Friday, August 29, 2014

10 books that linger in my head for some reason

I did this as an activity on Facebook but then wanted to put it in my own space as well:

The 10 books that linger in my head for some reason:




1. Wuthering Heights, for it taught me how intense love could be and introduced me to my favourite (anti-) hero, Heathcliff 



2. A Thousand Splendid Suns, for it left me with the immense satisfaction that I had read it


3. City of Djinns, for it introduced me to the author who would soon become my favourite, William Dalrymple 



4. Absolute Power by David Baldacci, which I gave to my brother to read and it started his collection of Baldaccis 



5. Pride and Prejudice, for I am still trying to figure whether I identify more with Elizabeth Benneth or Mr Darcy 



6. Tintin, for it introduced me to the word, 'reporter', that would eventually become my career



7. The Witch of Portobello, for it introduced Paulo Coelho to my grandfather



8. Love in the Time of Cholera, for it was the first book I reviewed



9. The Pillars of the Earth, for it was recommended to me by Kati Au, while we were standing inside the Dom in Cologne, which was once the tallest building on earth and Kati believed Ken Follet's book was about building that cathedral



10. The Hungry Tide, for it introduced me to Amitav Ghosh and turned me into his fan

Thursday, August 21, 2014

Australiana #15: The Things Indians Say

In Australia, because I do not have the typical Indian drawl or an American or British Indian accent, the people here wonder whether I really am from India. “How do you speak such beautiful English?” I shrug their ignorance with a smile. What I can't shrug off as easily is the ignorance among my fellow-Indians who make comments/questions such as these:

“I hardly find north Indians here, only south Indians... They are not the same.”

“Aussies are white so they're all beautiful.”

“Only white people are racist.”

“I had to change my name to an anglicised one because people here could not pronounce it properly.”

“Do north Indians eat with their hands?”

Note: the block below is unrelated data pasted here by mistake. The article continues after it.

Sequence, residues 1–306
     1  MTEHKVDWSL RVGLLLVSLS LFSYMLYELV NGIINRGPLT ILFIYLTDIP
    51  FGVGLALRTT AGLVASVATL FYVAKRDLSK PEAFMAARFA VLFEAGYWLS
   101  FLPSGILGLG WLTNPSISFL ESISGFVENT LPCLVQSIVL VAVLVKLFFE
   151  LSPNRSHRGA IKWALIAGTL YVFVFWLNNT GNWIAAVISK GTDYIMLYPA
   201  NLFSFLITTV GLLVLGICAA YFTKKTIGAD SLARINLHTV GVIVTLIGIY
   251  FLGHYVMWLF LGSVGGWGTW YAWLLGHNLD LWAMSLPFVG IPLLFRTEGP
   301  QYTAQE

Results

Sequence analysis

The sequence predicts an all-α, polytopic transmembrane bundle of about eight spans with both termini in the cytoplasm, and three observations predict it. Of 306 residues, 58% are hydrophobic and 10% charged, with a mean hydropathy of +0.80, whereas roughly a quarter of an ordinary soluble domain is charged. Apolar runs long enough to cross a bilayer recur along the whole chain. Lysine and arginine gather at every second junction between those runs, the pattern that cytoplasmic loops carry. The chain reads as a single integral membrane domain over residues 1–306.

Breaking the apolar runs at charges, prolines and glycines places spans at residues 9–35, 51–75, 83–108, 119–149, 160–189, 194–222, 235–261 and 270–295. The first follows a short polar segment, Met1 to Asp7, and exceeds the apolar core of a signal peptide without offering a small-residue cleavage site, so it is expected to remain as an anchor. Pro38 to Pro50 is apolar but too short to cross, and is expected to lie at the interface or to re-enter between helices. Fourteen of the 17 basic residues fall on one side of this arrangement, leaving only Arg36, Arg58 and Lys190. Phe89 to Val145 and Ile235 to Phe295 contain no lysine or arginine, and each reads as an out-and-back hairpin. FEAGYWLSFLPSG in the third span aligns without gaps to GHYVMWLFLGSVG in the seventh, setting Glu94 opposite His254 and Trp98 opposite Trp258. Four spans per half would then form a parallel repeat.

“White skin means you'll get skin cancer.”

“White people don't find dark-skinned people beautiful.”

“White people cannot eat with their hands.”

“Aussies can't speak or write English properly. Not like us Indians. We speak British English.”

“Their (Aussie) media focusses only on Australia.”

"Aussies cannot be poor."

"People here are lazy. They work only from 9 am till 5 pm."

"Australia's so expensive. There's no point of buying anything from here."

"If you have to become Australian, you've got to drink beer, eat steak and play pokies."

"Aussies don't even know where India is."

"All they (Aussies) know about India is because of cricket."


How many faces do you see?



Monday, August 18, 2014

Brisbane, from Mount Coot-tha

Kenmore and the Brisbane River
Downtown Brisbane



Mount Coot-tha, at 287 m, is the highest peak in Brisbane. Coot-tha comes from the aboriginal word, kut-ta meaning honey. The natives would come here to gather the honey produced by the native stingless bee. 

I'd rather be...

I had a few words popping up in my head this morning so I penned them down. Do let me know what you think.

I'd rather be a student than a teacher,
For I know how much more there is to learn than to teach.

I'd rather be a poor writer with a clear conscience,
For I know I'll sleep better than a scheming empress.

I'd rather be a lonely wanderer,
For I know my life will be measured only by my footsteps.

I'd rather have little of ambition,
For I know I lack the tenacity to achieve it.

I'd rather be someone people would easily forget,
For I know how much pain memories make.

I'd rather sing the song I love,
For only I know the happiness it will bring to my heart.

Wednesday, August 13, 2014

Australiana #14: Hills Hoist

When I started looking for houses to rent in Australia, I was quite taken in by a fixture in some of the backyards – the Hills Hoist. Since 1945, Lance Hill in Adelaide, South Australia, has been manufacturing these height-adjustable, fixed rotary clothes lines.

The Hills Hoist in a suburban backyard in Brisbane

You hang your clothes to dry like you do on an ordinary line. The Hills Hoist allows you to dry several large pieces e.g. bedsheets, curtains, etc, at one time. When there is a wind, the Hoist starts rotating, allowing the clothes to dry quicker. 

Artists hang their work on a Hills Hoist in Unley, South Australia

The Hills Hoist is one of Australia's most recognisable icon and is listed as a national treasure by the National Library of Australia and has been used by artists to exhibit their works.